3. This is a forum. When you post stuff that other people disagree with, you should expect it to be critiqued, that's what forums are. Heck, you've made all kinds of insults and false assertions about me, and I haven't complained to the moderators. I have complained to the moderators about one person and it wasn't you.

    4. Mike's (false) assertion that I "instigate harassment against people who use other brands of metal detectors too" is just another instance of what Mike frequently does here-- makes up fairy tales about people and states them as purported fact. Mike, if you want to be banned for knowingly making false accusations against forum members, man up and ask the moderators to do it. Meanwhile I'm fine with you posting here because you do such a thorough job of discrediting LRL's.

    --Toto

  6. #6
    us
    The Watcher

    Apr 2004
    Northern Nevada
    Dowsing Rods and a Ranger Tell Examiner
    7,773
    242 times
    ~woof~
    2. The fact I work for Fisher and Teknetics is not a conflict of interest. Fisher has been in the real long range locating business for nearly 80 years selling apparatus that actually works and everyone agrees that it works, that's why it isn't called "LRL". For guys (like Mike) who sell LRL's of the "electronic fraud" type to be posting here could be regarded as a conflict of interest, but I don't object to it, their posts reveal what they're up to. (Welcome back, Dell!)
    Thank you woof...Art

  7. #7
    LRL fraud debunked

    Dec 2010
    ciudadano del universo, residente de El Paso TX
    BS detector
    1,062
    224 times
    Underground detection
    Mike, in post #3 it was you who dumped whiny garbage on your thread.


    Mike, this is a forum. Expect critique. If what you want is someplace where nobody will contradict you, try the bathroom mirror. Mirror, mirror on the wall....... hmmm, even with the bathroom mirror you run the risk of contradiction.

    As for Art's lengthy irrelevant wiki spams, he does it to everyone, not just you. I admit it's irritating, but the mods don't seem inclined to call him out on it, so get used to it.

    --Toto

  8. #8
    LRL fraud debunked

    Dec 2010
    ciudadano del universo, residente de El Paso TX
    BS detector
    1,062
    224 times
    Underground detection
    Quote Originally Posted by signal_line View Post
    Lockheed Martin developed a ground communications system for miners that is similar to ground radio, which is similar to MFD transmitter. It uses extremely low power to transmit up to a half-mile, just like an MFD can do.
    Where've we seen that before? In the "blind-dowsing thread".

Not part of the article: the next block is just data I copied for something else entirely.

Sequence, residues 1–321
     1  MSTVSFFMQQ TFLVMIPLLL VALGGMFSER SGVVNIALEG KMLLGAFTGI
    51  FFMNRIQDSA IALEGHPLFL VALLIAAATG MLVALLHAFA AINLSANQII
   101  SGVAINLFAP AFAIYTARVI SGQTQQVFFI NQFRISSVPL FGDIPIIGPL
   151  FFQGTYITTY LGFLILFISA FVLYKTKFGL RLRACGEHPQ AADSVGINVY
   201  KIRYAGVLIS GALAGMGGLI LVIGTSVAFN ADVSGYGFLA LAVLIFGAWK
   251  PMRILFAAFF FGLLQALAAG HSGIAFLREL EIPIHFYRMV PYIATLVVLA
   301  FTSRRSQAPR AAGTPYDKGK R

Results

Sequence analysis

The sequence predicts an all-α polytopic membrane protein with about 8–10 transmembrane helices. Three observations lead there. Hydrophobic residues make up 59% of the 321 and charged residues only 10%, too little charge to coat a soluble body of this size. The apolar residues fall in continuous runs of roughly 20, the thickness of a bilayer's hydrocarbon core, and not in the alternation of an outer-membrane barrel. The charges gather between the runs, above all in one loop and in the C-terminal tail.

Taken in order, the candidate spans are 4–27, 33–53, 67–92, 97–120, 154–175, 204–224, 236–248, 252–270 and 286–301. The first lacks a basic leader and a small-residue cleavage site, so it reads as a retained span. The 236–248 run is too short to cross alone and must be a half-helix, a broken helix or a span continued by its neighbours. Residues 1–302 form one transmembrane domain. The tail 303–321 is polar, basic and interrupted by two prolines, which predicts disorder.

Quote Originally Posted by signal_line View Post
    Of course there is more to the MFD transmitter than a simple radio transmitter like the skeptic electronics nerds want you to believe. For those interested, you can read up on ground radio, or ground communications. Recently a system was developed by Lockheed Martin for an underground mining communications system using this same principle. Extremely low power can transmit distances over a half mile--something the skeptics refuse to admit but MFD users have known for decades.
    That logic is like saying "NASA put a man on the moon, so that proves my slingshot for catapulting housecats to Mars really works." It obviously ain't rocket science!

    Some of us actually know about underground radio and about transmitting very long distances with low power. Engineered products that work. Knowing what the real stuff is, is good background for knowing what the fairy tale stuff is.

    --Toto

  9. #9
    LRL fraud debunked

    Dec 2010
    ciudadano del universo, residente de El Paso TX
    BS detector
    1,062
    224 times
    Underground detection
    Mike, check out the "Is there a Long Range Locator...?" thread, the sticky at the top of the forum. You posted in that thread. That's where you explained why it's unlikely that anyone can actually find buried gold with an LRL.

    There are however people who "use" LRL's/MFD's. Ain't no disputin' that one! We read their posts, even see their Youtube videos. What's missing in all that is any credible evidence that those gizmos are actually of any use for successfully locating and recovering otherwise unknown valuables, no matter how much fun they might be for outdoors parlor games. Not one LRL fan was willing to take the "Is there a Long Range Locator...?" proposition seriously. NOT A SINGLE ONE! Remember who took it seriously? Myself and Carl!

    Remember, if you want to know whether LRL's are frauds, read the advertising! The manufacturers nearly always reveal that they know the things are frauds. The salespitch is to gullibillies, and in most cases they're careful to "qualify the mark" before the sale so that even if the customer figures out the thing is useless, he won't admit that he was defrauded.

    Remember the Gravitator? It's found more treasure....... surely you know the story by now. Thomas is a smart businessman and you may have noticed he doesn't post on LRL forums.

    If you've got one that isn't a fraud, please kindly explain what makes yours different from all those other fraudulent units.

    But wait! if it's a real locator, one that actually works, then it's not an LRL! Everyone knows, I don't have to make this up!

    --Toto

  10. #10
    us
    The Watcher